palpatine hologramPalpatine is nervous about Luke. He senses that he could be strong enough to destroy both of them. And how does Vader react? He kind of waves his fear away. “Ohhh, he’s just a boy, why worry? And Obi-Wan is dead so it’s not like he’ll get far in his training.” So Palpatine reiterates that he doesn’t want him getting any stronger and Vader says, “Hey, why don’t we turn him to the dark side? He could be an ally?” Dude, you’re dumb. If that happened, Palpatine would take Luke as the new apprentice and you’d be dead (as we saw suggested in ROTJ). FINALLY at the end of the conversation, Vader says that if Luke won’t join them, he’ll kill him.

It just seems like in this entire conversation, Vader is evading the issue at hand and wanting to save Luke. It’s not until the end that he gives in and says he’ll kill him, but only if he can’t turn him to the dark side first.

Warning bells should be going off in Palpatine’s head right now. Either a) he is aware that Vader could be interested in keeping his son alive and is hoping he can trust him enough to do his bidding or b) he has no idea.

I just get this feeling that Palpatine did not sense things until it was too late. Luke does not turn to the dark side and also does not die. In ROTJ, Vader senses Luke is part of the strike force that goes to Endor to disable the shield generator. The Emperor, moving his pieces around on the chess game, knows all about this but does not sense Luke. I think this perturbs him that Vader is so finely attuned to his son (we saw hints of this at the end of ESB when he is calling to Luke and Luke is on the Falcon) that he has to say “I wonder if your feelings on this matter are clear, Lord Vader?” For someone so powerful in the Force, he should be digging deep into Vader’s psyche and soul to see if Vader feelings really are clear. But when Vader reassures him that everything is cool, he then goes to say Luke will come to Vader. All of a sudden, now that he knows about Luke, he knows what will happen next and his chess game is tweaked.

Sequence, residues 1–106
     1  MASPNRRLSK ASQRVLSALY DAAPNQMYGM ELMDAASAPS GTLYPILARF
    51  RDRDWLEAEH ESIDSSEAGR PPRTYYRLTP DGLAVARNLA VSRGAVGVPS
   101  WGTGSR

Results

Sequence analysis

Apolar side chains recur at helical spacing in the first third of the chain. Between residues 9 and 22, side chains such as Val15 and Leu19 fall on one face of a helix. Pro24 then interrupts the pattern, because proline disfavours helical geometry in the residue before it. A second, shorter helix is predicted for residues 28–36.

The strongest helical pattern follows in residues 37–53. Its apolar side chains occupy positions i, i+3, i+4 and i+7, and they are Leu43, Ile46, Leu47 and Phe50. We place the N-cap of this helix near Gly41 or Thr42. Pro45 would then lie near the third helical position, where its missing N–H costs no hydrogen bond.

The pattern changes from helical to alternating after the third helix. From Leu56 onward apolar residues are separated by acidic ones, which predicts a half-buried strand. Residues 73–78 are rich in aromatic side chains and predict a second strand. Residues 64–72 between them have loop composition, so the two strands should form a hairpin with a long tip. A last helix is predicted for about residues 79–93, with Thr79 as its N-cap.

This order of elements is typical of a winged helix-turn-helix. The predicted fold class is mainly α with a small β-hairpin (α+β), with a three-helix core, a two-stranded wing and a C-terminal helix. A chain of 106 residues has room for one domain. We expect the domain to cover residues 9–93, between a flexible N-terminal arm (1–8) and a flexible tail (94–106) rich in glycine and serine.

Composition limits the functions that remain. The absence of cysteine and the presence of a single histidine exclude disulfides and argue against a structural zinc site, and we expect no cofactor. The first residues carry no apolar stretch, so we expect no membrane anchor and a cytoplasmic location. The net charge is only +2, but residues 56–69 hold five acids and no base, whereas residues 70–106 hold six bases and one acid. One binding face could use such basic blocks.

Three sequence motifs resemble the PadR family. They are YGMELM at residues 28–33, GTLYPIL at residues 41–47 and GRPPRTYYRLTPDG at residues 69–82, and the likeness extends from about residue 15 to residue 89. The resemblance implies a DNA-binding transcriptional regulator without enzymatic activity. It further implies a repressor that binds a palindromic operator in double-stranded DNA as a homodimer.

Why would he send Vader to Endor alone? I’ve always felt that the brief scene Luke and Vader had on the bridge was when the chisel started breaking into Vader’s commitment to the dark side. Palpatine should have sent Piett or someone else high enough but trustworthy to bring Luke in. Luke had his chance to start wheedling his way through Vader’s defenses, telling him that there is still good in him.

Luke and Vader

What I love about this whole scenario but what also makes me most confused is that Palpatine thought that Vader was completely turned to the dark side. Anakin was a complete raging river of emotions. Palpatine harnessed that and used it for rage and the dark side, but he should have been more alert when Luke was brought into the picture. I have issues with Anakin and Padmé’s relationship and how it was portrayed on screen, but he did love her a lot. So you’re going to think he’ll be fine when Luke is around? Don’t you remember that the first question out of Vader’s mouth (and he had already turned to the dark side) when he was in his iconic garb was, “Where is Padmé? Is she safe? Is she alright?” If he cared that much about Padmé, you can bet that he would care and love his son.

So the point of this whole rambling post is: how did Palpatine not factor in Vader’s possible love for his son in his plans? Someone as intelligent and organized as him would not have a backup plan at the very least? I understand that he was hoping Luke would kill Vader and take his place…but seriously, he should have factored in all possibilities. And one of those possibilities would be that Vader would not let him kill his son and would save him by killing Palpatine.

luke vader rotj